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High blood pressure makes your heart worker harder than it needed to before. Over the space of many years, this extra effort can lead to the heart muscle becoming thicker and less effective at pushing the blood round. This allows fluid to build up in your lower legs and ankles, which causes them to swell up.
Swollen ankles can also be a side effect of some blood pressure medicines, in particular calcium channel blockers. These medicines make your small blood vessels open wider and, in some people, this can cause more fluid to leak out of the blood vessels into the tissues. This fluid will collect around your ankles.
Are swollen ankles serious?
In its early stages, ankle swelling is an inconvenience but does not cause any major problems. But, if it is left untreated over a long period of time, it will start to put unwanted pressure on the blood vessels and tissues of the ankle.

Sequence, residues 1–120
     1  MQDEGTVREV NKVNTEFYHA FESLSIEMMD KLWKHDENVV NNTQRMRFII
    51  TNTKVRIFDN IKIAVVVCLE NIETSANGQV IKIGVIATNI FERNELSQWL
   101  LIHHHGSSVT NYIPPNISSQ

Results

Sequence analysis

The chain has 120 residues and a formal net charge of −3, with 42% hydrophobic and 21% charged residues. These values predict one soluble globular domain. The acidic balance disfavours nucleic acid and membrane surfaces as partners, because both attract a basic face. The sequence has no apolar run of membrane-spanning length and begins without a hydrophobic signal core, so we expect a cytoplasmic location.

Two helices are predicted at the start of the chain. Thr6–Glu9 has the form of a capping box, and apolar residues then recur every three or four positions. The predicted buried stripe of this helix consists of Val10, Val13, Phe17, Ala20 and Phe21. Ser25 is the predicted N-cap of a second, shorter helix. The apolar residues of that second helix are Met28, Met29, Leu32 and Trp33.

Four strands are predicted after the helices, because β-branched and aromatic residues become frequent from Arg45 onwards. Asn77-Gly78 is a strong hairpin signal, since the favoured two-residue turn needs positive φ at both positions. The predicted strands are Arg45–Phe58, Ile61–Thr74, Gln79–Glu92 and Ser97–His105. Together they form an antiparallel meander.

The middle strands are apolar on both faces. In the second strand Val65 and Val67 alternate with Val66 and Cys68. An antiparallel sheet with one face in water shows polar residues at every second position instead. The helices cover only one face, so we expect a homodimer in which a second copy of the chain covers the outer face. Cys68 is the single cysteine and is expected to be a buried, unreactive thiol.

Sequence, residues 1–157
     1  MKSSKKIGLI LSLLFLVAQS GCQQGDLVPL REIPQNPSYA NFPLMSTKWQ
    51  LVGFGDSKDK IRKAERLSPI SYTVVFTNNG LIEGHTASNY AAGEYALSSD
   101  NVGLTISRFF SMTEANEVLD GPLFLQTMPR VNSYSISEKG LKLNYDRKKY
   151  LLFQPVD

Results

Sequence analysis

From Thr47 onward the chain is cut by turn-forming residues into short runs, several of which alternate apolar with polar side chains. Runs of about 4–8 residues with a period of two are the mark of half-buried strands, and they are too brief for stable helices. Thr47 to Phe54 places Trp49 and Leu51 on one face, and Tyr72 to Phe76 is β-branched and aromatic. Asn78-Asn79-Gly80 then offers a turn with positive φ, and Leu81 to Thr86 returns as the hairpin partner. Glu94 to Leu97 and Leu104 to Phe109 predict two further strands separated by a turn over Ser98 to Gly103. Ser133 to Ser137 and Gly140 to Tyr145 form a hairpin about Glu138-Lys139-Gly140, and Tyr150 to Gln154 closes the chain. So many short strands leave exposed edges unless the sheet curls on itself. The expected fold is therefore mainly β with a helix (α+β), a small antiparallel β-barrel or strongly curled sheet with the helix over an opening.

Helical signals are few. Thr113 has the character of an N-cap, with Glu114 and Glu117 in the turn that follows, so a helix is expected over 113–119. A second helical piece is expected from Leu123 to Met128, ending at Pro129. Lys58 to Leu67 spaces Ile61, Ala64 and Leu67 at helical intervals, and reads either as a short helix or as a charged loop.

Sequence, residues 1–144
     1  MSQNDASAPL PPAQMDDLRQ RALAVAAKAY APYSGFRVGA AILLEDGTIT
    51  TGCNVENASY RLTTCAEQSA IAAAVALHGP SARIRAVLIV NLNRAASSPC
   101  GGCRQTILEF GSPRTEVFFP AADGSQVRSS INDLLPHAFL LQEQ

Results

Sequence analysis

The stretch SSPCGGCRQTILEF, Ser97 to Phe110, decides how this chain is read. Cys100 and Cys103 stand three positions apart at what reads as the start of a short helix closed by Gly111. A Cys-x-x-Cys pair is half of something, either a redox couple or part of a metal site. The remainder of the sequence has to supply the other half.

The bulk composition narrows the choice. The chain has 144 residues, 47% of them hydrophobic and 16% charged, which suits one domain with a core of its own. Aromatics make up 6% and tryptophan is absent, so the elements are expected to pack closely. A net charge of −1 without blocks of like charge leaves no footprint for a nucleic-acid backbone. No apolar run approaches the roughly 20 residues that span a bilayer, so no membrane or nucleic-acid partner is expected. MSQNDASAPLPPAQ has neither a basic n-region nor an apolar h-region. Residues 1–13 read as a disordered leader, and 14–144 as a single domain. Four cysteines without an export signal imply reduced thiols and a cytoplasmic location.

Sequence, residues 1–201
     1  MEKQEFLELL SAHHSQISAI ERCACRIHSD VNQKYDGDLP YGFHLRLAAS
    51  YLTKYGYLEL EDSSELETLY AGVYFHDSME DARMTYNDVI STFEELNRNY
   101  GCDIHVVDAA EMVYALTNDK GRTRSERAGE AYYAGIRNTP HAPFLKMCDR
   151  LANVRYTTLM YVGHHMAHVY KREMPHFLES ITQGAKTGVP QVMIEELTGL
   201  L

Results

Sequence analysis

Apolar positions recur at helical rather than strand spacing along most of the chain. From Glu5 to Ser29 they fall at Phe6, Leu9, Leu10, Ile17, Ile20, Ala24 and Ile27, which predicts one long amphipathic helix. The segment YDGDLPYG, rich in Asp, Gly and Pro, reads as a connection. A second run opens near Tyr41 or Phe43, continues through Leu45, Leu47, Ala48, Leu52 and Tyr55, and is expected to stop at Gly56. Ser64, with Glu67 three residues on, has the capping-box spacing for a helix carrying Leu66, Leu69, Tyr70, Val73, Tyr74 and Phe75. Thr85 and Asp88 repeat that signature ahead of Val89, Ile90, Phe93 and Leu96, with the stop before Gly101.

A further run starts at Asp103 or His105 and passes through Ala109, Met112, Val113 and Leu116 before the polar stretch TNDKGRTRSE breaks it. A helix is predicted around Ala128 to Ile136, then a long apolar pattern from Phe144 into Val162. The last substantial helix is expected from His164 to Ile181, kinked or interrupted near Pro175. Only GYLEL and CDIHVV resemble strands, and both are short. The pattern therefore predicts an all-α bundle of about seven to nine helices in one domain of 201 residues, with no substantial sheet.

This can lead to problems such as cellulitis (where the skin becomes infected and can lead to abscesses if not treated), varicose veins and venous ulcers (ulcers on the outer layers of the skin).
Can swollen ankles be treated?
Diuretic medicines increase the amount of fluid removed by your kidneys and this can help to get rid of any excess fluid from the body. This removes the build up of fluid from the tissues in your ankles.
If your ankle swelling is due to taking calcium channel blockers, reducing the dose of your medicine will usually help. Or, if your blood pressure is not fully controlled, your doctor may prescribe you a diuretic to help lower your blood pressure further and remove the excess fluid.
You can help to reduce the swelling by sitting with your legs lifted up. This lets your blood flow more freely and should help reduce the swelling.